Continued from Silenced
As our final week of SIL came to a close, it was time to say goodbyes. My memories of pitiable handshakes with Chris helped me follow my gut. I knew I'd regret repeating that scenario. When Paul *took off for the long drive home, I gave him a hug. It was brief, it was public, it was probably a side-hug, but it was a hug. And it felt right.
As I was getting ready to leave for the airport on Saturday morning, I was aware of Jed* stalking me. He followed me to the car and told me, "I know that you're not the woman I'm going to marry."
"I know it, too," I replied with a nod. He closed my car door and off I went.
I don't remember the flights home. I'm sure I thought about Chris. As I explained to my journal, "I never expected to be pursued by someone I had not already marked as a "possibility"." He had taken me by surprise in April, and I had not handled the shock well. Maybe now we could start all over. I hoped to leave for Manila in mid-September and be gone for a few months. Surely that would be long enough for Dad and Chris to complete "negotiations".
Back in Michigan, I braced for culture shock, which I managed mostly by getting busy. I put away the new jeans, the shorts, the swimsuit. I stacked my linguistics textbooks on the shelf.
On Monday morning we went to the lake, and I wore my homemade split-skirt jumpsuit in the water. The next day I did the family ironing, gave haircuts, and taught piano to three of the younger children. I baked bread, made meals, played hymns on the piano for church, and returned to my part-time job in town. I also made what serious preparations I could for my trip to the Philippines: paying my health insurance premiums, getting a perm, renewing my driver's license early, and shopping for items that might not be available in Asia.
While Chris had wanted to sponsor my overseas trip, Dad had decided it didn't make sense considering that I had rejected him as a suitor. Chris sent a generous check to my dad anyway. When it arrived, Dad called Chris's dad. Together they decided that Dad should tear it up. Dad told Chris he had torn up his check. Thanks, but no thanks.
Chris was indignant and mailed another check. Dad sent it back. Chris insisted that he wanted to pay for my trip, whether I wanted to court him or not. (He had asked to be anonymous from the beginning, but Dad had blown his cover before I left for North Dakota.)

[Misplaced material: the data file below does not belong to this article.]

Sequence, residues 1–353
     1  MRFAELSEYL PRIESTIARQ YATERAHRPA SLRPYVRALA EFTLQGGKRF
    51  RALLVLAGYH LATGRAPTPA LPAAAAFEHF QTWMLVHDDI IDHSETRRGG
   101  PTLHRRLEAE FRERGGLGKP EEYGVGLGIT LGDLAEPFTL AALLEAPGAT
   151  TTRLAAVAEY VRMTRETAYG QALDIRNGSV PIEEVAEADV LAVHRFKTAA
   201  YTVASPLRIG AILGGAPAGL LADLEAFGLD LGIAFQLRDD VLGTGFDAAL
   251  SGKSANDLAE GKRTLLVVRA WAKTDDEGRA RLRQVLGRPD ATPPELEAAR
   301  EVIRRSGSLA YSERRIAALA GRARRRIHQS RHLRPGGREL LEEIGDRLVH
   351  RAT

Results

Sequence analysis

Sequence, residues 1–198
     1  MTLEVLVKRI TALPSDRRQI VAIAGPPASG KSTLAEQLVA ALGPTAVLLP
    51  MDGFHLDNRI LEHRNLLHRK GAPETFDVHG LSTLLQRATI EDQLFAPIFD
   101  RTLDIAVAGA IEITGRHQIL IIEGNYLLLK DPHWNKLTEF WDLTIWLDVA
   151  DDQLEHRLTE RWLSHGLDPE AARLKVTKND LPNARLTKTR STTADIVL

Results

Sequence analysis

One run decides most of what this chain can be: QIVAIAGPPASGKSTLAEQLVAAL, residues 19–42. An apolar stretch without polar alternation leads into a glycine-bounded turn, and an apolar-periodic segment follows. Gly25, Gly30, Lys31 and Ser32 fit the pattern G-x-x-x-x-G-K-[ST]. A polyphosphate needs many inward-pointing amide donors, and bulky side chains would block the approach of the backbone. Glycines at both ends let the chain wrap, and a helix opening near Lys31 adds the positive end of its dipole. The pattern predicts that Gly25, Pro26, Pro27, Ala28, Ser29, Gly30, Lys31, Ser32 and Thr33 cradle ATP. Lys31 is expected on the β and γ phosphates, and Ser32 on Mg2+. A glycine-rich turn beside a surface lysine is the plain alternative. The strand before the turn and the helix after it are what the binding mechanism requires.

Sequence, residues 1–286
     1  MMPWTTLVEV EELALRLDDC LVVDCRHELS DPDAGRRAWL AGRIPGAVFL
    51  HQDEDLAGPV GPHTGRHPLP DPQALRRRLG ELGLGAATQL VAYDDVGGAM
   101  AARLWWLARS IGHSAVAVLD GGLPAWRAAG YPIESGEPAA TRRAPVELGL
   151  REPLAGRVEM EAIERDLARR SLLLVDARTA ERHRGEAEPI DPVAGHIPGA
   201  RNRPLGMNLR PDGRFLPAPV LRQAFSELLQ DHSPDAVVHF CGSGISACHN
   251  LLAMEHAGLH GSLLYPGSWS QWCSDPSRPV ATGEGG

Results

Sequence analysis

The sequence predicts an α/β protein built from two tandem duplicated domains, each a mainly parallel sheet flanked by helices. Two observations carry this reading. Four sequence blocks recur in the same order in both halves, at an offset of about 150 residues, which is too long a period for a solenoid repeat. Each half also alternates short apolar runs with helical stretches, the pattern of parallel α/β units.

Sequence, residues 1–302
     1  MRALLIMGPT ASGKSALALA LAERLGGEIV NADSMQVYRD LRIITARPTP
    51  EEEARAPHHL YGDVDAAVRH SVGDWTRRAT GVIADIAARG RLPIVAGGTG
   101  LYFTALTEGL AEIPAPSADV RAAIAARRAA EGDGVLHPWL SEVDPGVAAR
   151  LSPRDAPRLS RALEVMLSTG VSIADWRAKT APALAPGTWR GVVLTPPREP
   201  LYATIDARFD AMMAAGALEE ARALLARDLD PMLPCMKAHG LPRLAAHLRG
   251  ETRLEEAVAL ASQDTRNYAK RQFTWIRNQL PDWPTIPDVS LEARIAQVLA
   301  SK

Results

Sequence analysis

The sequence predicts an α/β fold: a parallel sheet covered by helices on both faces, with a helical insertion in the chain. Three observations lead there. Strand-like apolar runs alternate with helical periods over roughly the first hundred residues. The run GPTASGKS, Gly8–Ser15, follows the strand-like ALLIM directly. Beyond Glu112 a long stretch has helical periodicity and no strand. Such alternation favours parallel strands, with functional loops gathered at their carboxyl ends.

Dad finally told Chris he could send the money to my dad's pastor. That way the gift would be going through the "authority" of the church. By now, Chris was annoyed. "Only if I can ask your pastor's permission to court your daughter," he said.
So there I was back in Michigan, trying to earn enough money to buy my ticket and pay for my stay. I was close, but I would need to postpone my trip by a few weeks. The SIL-Wycliffe office in Manila inquired about my plans, and I explained the situation. I would not be able to come in September, but I would arrive just as soon as I could. Privately, I determined not to celebrate my 25th birthday at home. I would be in Asia before that date.
In the meantime, I was moody and depressed. I made a list of all the ways I had "rebelled" against fundamentalism over the summer--making it sound more dramatic than reality warranted. Dad became aware of it--I think I left the list out when I was working in his office--and looked sober.
"I would not have recommended that," he said, when I told him I had worn pants and watched a Star Wars film.
Strangely, I did not feel guilty.
Within weeks of my return, I received an email from Jed. I lost no time forwarding it to Dad. If he wanted to be my protector, he could get rid of that guy!
I babysat the six or seven kids at home while my parents went away for their anniversary. I cried at church. The trees were pulling out their autumn colors, but I was distracted. I gave more music lessons. I worked, and watched my brothers chat with Chris over AOL Instant Messenger.
I got sick. I could scarcely pray. I couldn't sleep.
Andraste* got sick, too. She spent two days in ICU while I cared for sick kids at home, exchanged emails with the Manila SIL office, and thought about Chris in Colorado at a WILDS retreat.
That week, I tried to articulate to Dad how my feelings toward Chris had changed. Afterward, I wrote in my journal:
...I may be falling in love with Chris, but there is no need to find out yet.... The waiting is tedious when I want to be gone. And it is sometimes very hard not be angry with Dad...
...It is a very good thing that Dad does not 'have' my heart, for I feel he is unequal to such a trust. If I did not believe that the Father of lights, with whom there is no variableness, or shadow of turning, is supreme over all, I should lose all hope of things ever being untangled.
And then, an anonymous gift, channeled through my parents' church.
The check, though less than Chris had offered, was more than enough to supply what I was lacking. I could leave two weeks before my birthday, and I could stay in the Philippines for four months. When I bought my round-trip tickets, I was feeling optimistic.
In an Anne-of-Green-Gables moment of melodrama, I booked my return flight for Valentine's Day. If things went well, I imagined Chris meeting my plane to welcome me back to the U.S., snow on his boots and arms full of roses.
Continued at Heart to Heart
*Names are pseudonyms.